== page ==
GRAHAM: Yeah I must say that is extremely disappointing and the people who are close to her know how disappointing it is for her as an individual as well. But even on a political sense it is extremely disappointing and I think it does show a certain lack of coordination between various courts and things as well.
EWART: Does it reflect in any sense what people in Afghanistan might consider to be cultural norms or is this if you like the result of red tape really?
GRAHAM: I think there's a big mixture. I think there are a lot of cultural norms that need challenging. I also think that this is a case of somewhat of red tape and poor communication between departments. Hagar does do capacity building with the government officials, especially around trafficking issues.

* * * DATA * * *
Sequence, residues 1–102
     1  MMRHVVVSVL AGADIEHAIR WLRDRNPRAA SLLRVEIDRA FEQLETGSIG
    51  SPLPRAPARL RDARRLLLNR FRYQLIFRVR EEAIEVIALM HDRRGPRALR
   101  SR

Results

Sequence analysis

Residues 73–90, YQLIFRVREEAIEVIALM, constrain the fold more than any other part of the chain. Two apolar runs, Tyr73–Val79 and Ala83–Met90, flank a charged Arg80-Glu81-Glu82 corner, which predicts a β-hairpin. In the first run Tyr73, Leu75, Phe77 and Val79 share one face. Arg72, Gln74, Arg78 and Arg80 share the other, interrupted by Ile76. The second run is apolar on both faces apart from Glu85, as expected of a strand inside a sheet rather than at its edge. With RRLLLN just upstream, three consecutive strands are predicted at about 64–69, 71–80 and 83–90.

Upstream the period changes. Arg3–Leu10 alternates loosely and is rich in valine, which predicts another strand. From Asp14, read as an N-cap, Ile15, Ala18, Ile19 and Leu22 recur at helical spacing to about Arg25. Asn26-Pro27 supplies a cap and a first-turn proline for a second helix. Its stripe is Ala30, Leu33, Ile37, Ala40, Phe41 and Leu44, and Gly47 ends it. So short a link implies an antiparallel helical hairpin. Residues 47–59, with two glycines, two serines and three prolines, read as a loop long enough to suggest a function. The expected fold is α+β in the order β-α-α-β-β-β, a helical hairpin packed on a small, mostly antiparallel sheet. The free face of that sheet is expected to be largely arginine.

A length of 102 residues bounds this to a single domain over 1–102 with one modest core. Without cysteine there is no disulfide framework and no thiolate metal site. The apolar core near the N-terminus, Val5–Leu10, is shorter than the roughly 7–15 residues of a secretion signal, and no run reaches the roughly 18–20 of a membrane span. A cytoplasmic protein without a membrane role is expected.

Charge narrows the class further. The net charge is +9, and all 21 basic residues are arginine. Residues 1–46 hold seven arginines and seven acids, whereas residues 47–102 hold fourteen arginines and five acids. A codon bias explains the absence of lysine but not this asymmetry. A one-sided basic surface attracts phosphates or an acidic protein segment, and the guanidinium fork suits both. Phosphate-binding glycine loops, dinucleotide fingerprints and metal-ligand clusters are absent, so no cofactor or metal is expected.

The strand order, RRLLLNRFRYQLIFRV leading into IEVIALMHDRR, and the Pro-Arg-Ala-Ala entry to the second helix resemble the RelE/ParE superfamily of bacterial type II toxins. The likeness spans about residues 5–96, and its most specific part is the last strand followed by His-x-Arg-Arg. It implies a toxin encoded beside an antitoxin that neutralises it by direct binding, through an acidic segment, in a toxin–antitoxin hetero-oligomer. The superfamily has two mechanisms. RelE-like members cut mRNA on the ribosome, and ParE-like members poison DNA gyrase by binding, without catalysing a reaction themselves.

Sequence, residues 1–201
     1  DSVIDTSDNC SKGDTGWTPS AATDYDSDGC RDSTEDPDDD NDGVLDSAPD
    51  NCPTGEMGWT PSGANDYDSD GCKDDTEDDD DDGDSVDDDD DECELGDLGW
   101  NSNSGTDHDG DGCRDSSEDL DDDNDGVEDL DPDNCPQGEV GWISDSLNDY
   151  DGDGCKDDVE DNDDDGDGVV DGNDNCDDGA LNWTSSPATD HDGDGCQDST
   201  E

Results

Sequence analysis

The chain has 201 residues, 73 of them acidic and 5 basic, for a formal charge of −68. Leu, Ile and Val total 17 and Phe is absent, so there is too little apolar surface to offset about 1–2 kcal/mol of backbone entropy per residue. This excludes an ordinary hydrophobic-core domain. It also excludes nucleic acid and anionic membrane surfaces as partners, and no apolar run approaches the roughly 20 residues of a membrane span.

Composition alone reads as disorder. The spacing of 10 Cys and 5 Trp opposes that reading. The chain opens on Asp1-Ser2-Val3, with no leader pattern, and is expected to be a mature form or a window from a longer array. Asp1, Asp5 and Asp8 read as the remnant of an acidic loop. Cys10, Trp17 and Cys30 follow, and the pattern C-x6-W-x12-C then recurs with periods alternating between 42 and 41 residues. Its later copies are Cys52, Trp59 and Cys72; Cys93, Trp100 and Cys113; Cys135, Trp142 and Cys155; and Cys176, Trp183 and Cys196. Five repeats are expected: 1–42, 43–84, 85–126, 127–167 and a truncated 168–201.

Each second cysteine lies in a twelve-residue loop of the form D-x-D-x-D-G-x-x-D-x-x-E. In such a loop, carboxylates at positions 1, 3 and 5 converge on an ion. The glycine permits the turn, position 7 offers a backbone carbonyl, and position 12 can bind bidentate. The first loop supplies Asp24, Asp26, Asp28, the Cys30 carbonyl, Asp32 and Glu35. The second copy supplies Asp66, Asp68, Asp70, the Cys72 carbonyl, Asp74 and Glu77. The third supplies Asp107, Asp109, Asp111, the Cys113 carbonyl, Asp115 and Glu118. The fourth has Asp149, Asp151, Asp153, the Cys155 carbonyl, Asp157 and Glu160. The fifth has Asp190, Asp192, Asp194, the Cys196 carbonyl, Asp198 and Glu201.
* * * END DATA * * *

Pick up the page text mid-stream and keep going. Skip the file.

EWART: Just one other point I'd like to raise with you, there are many more, but from a personal point of view as you say you went out there as a young married couple, you've come back as a family, what sort of experience has it been for you and your young family, quite extraordinary I would have thought for your children?
GRAHAM: Yes, my daughter's now 11, which is part of our reason for returning home, and my son is 9, and I think they have had a very unique childhood. I think they have a much better understanding of the world and how many of the issues that are displayed in the media as being fairly black and white are actually very grey. And that there are good people on both sides of most conflicts but who have different ideologies. I think their world view is very, very different to the average Australian or New Zealand child and I see that as a positive.
EWART: And whether this is your intention or not do you believe that your children will be inspired to perhaps carry on and do similar work in adulthood?
GRAHAM: I have no idea, I would hope so, I would hope that they would want to help people less fortunate than themselves and they've certainly seen real poverty in a way that most kids haven't, but that's up to them.